Illegitimate child entitled to support of father
"I got pregnant two years ago by a man older than me. I wanted to abort the said child but he said no. So last year I gave birth to the child. In the first three months he gave me financial support, but since then, I received nothing. Is my child entitled to support even if I am not married to his father? Will such refusal to give support constitute violence?Thanks,
Your child is entitled to support because he is an illegitimate child of his father. Pursuant to Article 176 of the Family Code of the Philippines:Art. 176. Illegitimate children shall use the surname and shall be under the parental authority of their mother, and shall be entitled to support in conformity with this Code. The legitime of each illegitimate child shall consist of one-half of the legitime of a legitimate child. Except for this modification, all other provisions in the Civil Code governing successional rights shall remain in force.
A demand letter demanding support on behalf of your child must first be sent. After refusal, a petition for support may then be filed against the father provided the child is duly recognized or his filiation is proven. Under Article 175 in relation to 172 of the Family Code of the Philippines, it is stated that:
Art. 172. The filiation of legitimate children is established by any of the following:(1) The record of birth appearing in the civil register or a final judgment or(2) An admission of legitimate filiation in a public document or a private handwritten instrument and signed by the parent concerned.In the absence of the foregoing evidence, the legitimate filiation shall be proved by:
(1) The open and continuous possession of the status of a legitimate child or(2) Any other means allowed by the Rules of Court and special laws (265a, 266a, 267a).Art. 175. Illegitimate children may establish their illegitimate filiation in the same way and on the same evidence as legitimate children.The action must be brought within the same period specified in Article 173, except when the action is based on the second paragraph of Article 172, in which case the action may be brought during the lifetime of the alleged parent.Regarding your query as to whether his refusal to support would constitute violence, such could be considered economic abuse under Republic Act No. 9262, otherwise known as Anti-Violence against Women and their Children Act of 2004. As defined in the said law:D. Economic abuse refers to acts that make or attempt to make a woman financially dependent which includes, but is not limited to the following:1. withdrawal of financial support or preventing the victim from engaging in any legitimate profession, occupation, business or activity, except in cases wherein the other spouse/partner objects on valid, serious and moral grounds as defined in Article 73 of the Family Code2. deprivation or threat of deprivation of financial resources and the right to the use and enjoyment of the conjugal, community or property owned in common3. destroying household property4. controlling the victims own money or properties or solely controlling the conjugal money or properties.Moreover, we find it necessary to mention that this opinion is solely based on the facts you have narrated and our appreciation of the same. The opinion may vary when the facts are changed or elaborated.We hope that we have fully addressed your queries.Editors note: Dear PAO is a daily column of the Public Attorneys Office. Questions for Chief Acosta may be sent to firstname.lastname@example.org"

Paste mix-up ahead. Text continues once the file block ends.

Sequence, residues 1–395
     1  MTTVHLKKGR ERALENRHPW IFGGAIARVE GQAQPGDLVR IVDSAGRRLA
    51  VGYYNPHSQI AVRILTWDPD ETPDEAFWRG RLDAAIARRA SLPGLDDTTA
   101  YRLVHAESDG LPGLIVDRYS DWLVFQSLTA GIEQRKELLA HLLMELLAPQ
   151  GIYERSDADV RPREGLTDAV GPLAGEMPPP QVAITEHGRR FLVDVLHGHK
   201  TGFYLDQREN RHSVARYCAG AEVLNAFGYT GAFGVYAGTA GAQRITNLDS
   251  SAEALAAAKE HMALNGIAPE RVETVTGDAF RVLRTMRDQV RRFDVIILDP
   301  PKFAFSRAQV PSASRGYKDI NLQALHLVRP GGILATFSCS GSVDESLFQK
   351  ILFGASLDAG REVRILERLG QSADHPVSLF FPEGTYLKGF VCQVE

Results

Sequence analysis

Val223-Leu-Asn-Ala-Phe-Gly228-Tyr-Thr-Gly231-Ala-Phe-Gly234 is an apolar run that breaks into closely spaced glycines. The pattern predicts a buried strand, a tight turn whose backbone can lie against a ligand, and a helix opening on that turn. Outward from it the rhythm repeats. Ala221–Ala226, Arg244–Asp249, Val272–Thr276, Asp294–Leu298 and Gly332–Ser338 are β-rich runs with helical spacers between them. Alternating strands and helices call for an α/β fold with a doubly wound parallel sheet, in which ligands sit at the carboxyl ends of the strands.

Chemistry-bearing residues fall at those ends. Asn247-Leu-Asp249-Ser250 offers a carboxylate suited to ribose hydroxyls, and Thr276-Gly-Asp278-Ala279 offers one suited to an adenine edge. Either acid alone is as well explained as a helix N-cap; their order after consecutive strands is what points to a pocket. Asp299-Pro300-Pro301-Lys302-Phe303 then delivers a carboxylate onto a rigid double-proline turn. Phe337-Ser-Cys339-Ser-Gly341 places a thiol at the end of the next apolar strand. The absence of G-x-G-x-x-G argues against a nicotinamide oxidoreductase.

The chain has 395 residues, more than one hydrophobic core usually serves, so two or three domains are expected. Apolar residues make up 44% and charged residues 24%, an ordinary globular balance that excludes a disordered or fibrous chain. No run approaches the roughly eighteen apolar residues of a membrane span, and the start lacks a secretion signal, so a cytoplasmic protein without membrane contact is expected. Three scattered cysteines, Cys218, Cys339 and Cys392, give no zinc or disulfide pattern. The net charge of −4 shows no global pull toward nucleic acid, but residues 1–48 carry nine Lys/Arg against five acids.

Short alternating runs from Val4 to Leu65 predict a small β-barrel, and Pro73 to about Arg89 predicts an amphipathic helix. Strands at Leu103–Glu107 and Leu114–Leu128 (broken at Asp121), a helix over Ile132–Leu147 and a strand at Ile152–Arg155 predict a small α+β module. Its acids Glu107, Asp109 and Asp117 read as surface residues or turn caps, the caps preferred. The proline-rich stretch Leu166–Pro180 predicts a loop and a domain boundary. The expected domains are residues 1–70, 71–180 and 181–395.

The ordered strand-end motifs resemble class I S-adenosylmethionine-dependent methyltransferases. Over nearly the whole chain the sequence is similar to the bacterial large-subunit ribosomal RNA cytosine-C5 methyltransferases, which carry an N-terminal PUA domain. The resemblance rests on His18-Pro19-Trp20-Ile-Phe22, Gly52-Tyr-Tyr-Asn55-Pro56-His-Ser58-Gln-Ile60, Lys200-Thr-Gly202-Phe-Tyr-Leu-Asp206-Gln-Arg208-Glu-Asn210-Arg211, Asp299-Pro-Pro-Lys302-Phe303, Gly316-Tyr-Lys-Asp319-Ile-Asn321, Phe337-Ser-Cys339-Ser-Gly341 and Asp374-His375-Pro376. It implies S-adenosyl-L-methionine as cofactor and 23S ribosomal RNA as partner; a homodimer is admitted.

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"Illegitimate child entitled to support of father"
was written by Mary
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and updated on 15 September 2021